Three doctors and two pharmacists are being brought into the hospital from tomorrow (Monday) to help initiate some of the 2000 HIV positive patients on the waiting list for ARVs.
Provincial health officials were galvanised into action over the past week, following an expose in last week’s Sunday Tribune of the crisis at the Pietermaritzburg hospital, according to hospital staff.
Dr Hlubi Dlwati, head of Edendale’s HIV/AIDS programme, said that the salaries of the sessional doctors and pharmacists brought in over the next week would initially be paid for by Broadreach, an international non-governmental organisation.
‘A further two doctors and two principal pharmacists will be starting on 1 August, initially on one-year contracts paid for by Broadreach. In September, two more doctors and a chief pharmacist will start work,’ said Dlwati.
‘We have chosen the NGO route initially because it is much faster. Broadreach can employ new people tomorrow whereas the creation of posts though the department takes time. But these posts will be converted into permanent posts by the department during the course of the year,’ he added.
Dlwati said that each doctor would start between 10 and 15 patients a day on ARVs, and that this should eliminate the waiting list in a month, as the new staff would complement the team of four doctors and two pharmacists already running the programme.
In addition, Broadreach is going buy furniture and equipment for the ARV clinic and has taken over managing the extension of the ARV pharmacy.
Broadreach, which is funded by the US President’s Emergency Plan for AIDS Relief (Pepfar), had offered to help Edendale some time ago but its offer was refused by the district medical manager, May Zuma-Mkhonza.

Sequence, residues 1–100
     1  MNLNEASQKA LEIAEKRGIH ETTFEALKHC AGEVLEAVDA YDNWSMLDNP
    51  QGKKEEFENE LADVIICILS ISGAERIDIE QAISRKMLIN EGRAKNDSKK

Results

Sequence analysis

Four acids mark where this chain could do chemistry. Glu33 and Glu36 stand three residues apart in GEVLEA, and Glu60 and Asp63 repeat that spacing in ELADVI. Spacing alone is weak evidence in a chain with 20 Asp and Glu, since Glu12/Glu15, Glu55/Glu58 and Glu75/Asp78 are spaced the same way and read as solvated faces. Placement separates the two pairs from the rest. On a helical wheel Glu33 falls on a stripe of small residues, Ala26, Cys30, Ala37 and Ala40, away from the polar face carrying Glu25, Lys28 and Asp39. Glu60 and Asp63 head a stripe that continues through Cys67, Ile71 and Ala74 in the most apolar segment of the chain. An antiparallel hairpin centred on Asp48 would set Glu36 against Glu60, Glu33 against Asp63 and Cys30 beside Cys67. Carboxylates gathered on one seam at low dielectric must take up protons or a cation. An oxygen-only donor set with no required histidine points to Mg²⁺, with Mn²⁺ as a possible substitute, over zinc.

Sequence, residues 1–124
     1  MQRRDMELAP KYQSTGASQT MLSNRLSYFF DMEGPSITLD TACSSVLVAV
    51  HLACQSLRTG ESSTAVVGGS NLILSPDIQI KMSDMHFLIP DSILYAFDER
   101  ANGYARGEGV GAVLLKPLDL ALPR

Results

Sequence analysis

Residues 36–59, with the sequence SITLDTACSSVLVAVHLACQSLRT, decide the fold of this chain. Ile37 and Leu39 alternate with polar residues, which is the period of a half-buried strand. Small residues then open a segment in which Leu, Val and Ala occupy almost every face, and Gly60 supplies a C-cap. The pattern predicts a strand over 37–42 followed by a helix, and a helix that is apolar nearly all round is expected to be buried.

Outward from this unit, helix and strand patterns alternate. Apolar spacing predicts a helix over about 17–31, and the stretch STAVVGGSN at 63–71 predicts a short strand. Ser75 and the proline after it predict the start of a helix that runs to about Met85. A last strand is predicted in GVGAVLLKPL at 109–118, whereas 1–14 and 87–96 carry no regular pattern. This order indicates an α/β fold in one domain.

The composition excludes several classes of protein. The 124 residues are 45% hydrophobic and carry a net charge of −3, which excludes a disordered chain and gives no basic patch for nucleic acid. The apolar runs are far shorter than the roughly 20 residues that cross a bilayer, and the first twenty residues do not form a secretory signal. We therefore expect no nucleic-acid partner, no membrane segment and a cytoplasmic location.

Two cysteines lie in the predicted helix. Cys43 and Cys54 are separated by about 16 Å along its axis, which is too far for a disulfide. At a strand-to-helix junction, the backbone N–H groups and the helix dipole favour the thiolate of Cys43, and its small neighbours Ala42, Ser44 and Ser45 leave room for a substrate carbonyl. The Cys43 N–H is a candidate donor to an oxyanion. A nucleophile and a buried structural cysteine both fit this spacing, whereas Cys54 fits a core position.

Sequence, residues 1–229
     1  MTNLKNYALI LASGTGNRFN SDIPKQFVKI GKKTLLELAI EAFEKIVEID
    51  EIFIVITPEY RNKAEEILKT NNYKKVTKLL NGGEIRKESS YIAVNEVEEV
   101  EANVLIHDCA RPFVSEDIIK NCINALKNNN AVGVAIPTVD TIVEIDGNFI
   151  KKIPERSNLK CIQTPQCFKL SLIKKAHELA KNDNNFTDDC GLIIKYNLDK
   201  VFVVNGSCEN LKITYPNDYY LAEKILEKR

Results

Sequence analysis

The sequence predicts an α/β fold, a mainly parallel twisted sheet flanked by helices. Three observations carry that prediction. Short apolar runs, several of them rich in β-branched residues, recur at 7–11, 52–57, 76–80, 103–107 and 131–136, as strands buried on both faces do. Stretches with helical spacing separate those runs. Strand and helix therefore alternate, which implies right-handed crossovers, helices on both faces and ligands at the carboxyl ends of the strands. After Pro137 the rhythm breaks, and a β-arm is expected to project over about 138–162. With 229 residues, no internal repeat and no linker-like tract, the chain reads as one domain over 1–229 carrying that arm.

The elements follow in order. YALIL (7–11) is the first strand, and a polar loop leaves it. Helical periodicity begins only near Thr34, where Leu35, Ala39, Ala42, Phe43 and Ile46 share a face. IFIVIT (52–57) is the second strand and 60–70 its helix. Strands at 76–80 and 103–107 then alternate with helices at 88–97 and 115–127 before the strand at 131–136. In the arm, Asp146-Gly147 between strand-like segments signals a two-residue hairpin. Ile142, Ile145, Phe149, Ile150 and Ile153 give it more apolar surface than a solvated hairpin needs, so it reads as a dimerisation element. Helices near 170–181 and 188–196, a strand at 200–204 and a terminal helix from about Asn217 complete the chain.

Zuma-Mkhonza was removed from her post this week by Health MEC Dr Sibongiseni Dhlomo for ‘failing to manage the issue of the ARV rollout at Edendale Hospital’.
She had allegedly told the provincial office that Edendale had reached its ARV target and was simply slowing down due to less demand for ARVs rather than a crisis caused by too few staff and too little space to manage the 11 000 patients it already has on ARVs, according to hospital sources.
Dlwati said three solutions had been proposed to address the cramped conditions for HIV patients at the clinic.
In the short term, Doris Goodwin Hospital, a TB hospital next door to Edendale, would be given a sessional doctor to start patients on ARVs.
A ‘roving team’ made up of a doctor, pharmacy assistant and a social worker, would go to the feeder clinics and start patients on ARVs there. There are 13 feeder clinics, and four already have nurses who have training in how to manage people on ARVs.
In the medium to long-term, a new clinic was going to be built alongside the mother-and-child HIV clinic at the hospital entrance for adults needing ARVs.